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Security Foreign policy

Justice and Hope for Afghanistan?

Lone girl in Afghanistan, photo: Papyrrari/flickr
Lone girl in Afghanistan, photo: Papyrrari/flickr

As the world anticipates Obama’s long-awaited strategy review for Afghanistan, the debate around the war intensifies with politicians, experts and laymen weighing in on the desired course of Afghan policy.

A war that has lasted eight years, and that costs the US $3.6 billion a month, has become a source of intense historical and strategic debates about the nature of conflict in South Asia, the region’s geopolitical significance, and the role of US power in the modern era. With America’s Vietnam legacy in mind the pressure to deliver something positive is immense.

But in these debates about strategy- how to quell the Taliban insurgency; how to address the region as a whole, particularly with Pakistan’s shortcomings in mind, and how to strengthen the Afghan government without giving Karzai carte blanche, etc – the humanitarian focus is exactly what seems to be missing.

Policy debates tend to focus on high-level strategy and the US effort through a stark cost-benefit analysis. Are strategic gains in the AfPak theater commensurate with the costs? Is winning, or at least not losing, in Afghanistan vital in the war against global terrorist networks like al-Qaida? While experts such as Peter Bergen rightly point out that Afghanistan is crucial to global counterterrorism because physical, operational and financial links between al-Qaida and the Taliban have in fact been growing- the question of staying put or leaving is most often presented in strikingly dispassionate terms.

What about the Afghan people? A key question for me is what failure, or the withdrawal of US troops, would mean for the Afghan people. Can the US, and its allies, really set the precedent of invading a country, partly on humanitarian grounds, and then leaving with little or no concern for the fate of the people it was meant to ‘save’?

Given that the growing insurgency feeds off mounting misery in the nation (many join the Taliban, for example, for financial reasons), should the debate not focus more on the deep causes of conflict, corruption and instability – the causes and forces that make pure strategy-making entirely futile? Indeed sending more troops will not make the slightest difference unless these deep causes are addressed.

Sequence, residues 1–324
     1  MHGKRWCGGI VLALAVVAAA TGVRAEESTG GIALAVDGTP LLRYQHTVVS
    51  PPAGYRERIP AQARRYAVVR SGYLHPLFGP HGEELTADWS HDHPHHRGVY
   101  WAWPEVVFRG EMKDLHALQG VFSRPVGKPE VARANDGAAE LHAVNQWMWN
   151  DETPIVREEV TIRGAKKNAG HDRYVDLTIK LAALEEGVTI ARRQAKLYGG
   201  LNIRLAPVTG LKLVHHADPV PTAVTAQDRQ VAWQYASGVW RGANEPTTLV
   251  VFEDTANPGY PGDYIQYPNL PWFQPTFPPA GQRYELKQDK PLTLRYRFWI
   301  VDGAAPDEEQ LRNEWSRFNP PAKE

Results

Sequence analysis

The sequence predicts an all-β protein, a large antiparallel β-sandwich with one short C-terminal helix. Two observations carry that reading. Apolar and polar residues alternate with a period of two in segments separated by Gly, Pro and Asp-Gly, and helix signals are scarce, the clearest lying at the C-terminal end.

At the same time I believe leaving is not an option (the Taliban-al-Qaida team is a much more brutal enemy that the North Vietnamese if you choose to see the conflict through the Vietnam lens), and given this reality both debate and policymaking should refocus on the human element. General McChrystal’s emphasis on ‘hearts and minds’ and avoiding civilian casualties is a sign of this long-overdue shift, but it is still missing from the broader public debate.

While it is perfectly understandable that the public in the UK and the US debate the relative merits and costs of the Afghan war, the brutal reality in humanitarian terms should be brought back to the core of this discussion. The very values that liberal democratic societies are built on are at stake and while it would be entirely utopian to advocate interference in every humanitarian disaster in this world, a conflict that was started partly on humanitarian grounds cannot simply be abandoned in the name of expediency. In a conflict so full of uncomfortable realities, this is perhaps the most uncomfortable one.

While Afghan democracy activists like Malalai Joya advocate US withdrawal as a prerequisite for peace, stability and democratization (and their dismay and anger with the US/NATO mission is entirely understandable), US and allied forces and their political leaders, in my opinion, have a duty to clean up, shape up and start taking the concerns, worries and grievances of the Afghan people seriously.

The core objective should be to establish a solid foundation for democracy and human rights in the country; a foundation that Afghans themselves can build on. For this, educational and physical infrastructures need to be built and a basic but solid level of security needs to be established. Karzai and his entourage need to be put under a maximum amount of pressure to reform the country so that a bottom-up force of democratization can slowly take root. It is not a matter of following through with some kind of neoconservative mission of democracy imposition, but rather granting the Afghans a fair opportunity to emerge out of decades of conflict and misery.

Easier said than done, certainly, and with no guarantee of success, but is there really an alternative?

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